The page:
I was just in a joyous room full of nerds in the middle of Bumbershoot. Five of the Futurama writers spoke about their process, with comedian Kurt Braunohler as the moderator. Braunohler introduced the panel by referring to Futurama as â€œthe often canceled, wonderful program that you should all check out.â€ He spoke of being a big fan of the show. It showed with his insightful questioning.
The writers on the panel were Ken Keeler, Mike Rowe, Josh Weinstein, Eric Horsted, and show runner David X Cohen. They spoke about their writing process, which includes a robust outlining process prior to the first draft of a script, and how things are fleshed out through the animatic process before the show is animated in South Korea. Kurt Braunohler had a lot of questions about process, and he asked a few questions about how and when jokes make it into a show. â€œA great joke at the beginning is an indication that we should do the episode,â€ said Cohen. Cohen and Keeler were the most vocal of the panelists, fielding questions from Braunohler, and later the audience. (They are also two who have written for the show the longest, and both of them wrote for The Simpsons before then.)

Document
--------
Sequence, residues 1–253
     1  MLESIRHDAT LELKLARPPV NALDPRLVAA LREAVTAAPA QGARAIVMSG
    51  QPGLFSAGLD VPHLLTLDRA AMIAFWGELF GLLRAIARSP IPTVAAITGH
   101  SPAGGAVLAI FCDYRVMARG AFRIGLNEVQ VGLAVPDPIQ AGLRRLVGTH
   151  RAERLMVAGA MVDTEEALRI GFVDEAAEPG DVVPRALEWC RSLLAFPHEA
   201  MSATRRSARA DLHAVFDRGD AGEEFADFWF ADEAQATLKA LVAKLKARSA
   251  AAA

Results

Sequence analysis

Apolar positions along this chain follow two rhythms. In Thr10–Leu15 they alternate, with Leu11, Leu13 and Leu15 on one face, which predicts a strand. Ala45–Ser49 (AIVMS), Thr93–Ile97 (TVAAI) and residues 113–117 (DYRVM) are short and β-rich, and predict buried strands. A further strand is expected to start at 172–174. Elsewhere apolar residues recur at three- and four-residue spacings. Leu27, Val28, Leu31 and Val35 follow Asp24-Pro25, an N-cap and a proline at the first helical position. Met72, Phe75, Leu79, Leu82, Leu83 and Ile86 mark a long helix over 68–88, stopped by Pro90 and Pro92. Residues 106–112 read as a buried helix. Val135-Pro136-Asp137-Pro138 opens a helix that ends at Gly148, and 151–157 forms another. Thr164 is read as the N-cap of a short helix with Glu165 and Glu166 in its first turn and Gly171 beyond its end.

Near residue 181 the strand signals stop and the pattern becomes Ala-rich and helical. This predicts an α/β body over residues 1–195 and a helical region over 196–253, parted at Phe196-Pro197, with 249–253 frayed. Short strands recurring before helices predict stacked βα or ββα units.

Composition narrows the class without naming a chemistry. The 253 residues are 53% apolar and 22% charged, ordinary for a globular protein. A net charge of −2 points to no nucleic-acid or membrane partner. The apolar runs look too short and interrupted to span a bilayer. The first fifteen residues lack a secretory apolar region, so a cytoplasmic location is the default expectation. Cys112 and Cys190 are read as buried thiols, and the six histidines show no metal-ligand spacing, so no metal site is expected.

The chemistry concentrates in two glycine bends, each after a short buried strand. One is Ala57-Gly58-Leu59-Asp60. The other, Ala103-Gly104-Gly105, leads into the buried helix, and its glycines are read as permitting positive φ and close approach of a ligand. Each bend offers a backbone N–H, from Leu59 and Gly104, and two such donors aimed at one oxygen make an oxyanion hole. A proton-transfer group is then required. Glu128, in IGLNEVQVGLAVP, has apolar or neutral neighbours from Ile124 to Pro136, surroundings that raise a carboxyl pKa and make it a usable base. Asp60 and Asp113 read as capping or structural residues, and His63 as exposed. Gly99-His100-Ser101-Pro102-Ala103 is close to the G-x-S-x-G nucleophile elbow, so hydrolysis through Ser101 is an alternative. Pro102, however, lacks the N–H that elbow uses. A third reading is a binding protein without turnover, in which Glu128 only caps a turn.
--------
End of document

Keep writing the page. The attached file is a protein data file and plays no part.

When asked what was the weirdest thing about writing for the show, Eric Horsted responded by saying â€œthe weirdest thing is that you can do almost anything.â€ Being solely limited by what you can imagine can be pretty daunting, evidently. One of the highlights of the panel was watching an animatic, which is basically a rendered storyboard of what will eventually be the finished animation in sync with the voices of the actors.
What we saw was the first part of what will be a show split into three sections that each parody a different 1980’s Saturday morning cartoon. The show will air next season, and it will be called Saturday Morning Fun Pit. What we saw bore a striking similarity to Scooby-Doo. It guest-stars George Takei and Larry Bird. Futurama fans, you will be pleased.
David X Cohen remarked that during this evening’s panel discussion several of the best questions that they’d ever been asked were posed. Whether or not he was pandering, it was an educational and entertaining way to spend an hour at what turns out to be a pretty diverse offering of events at Bumbershoot 2012.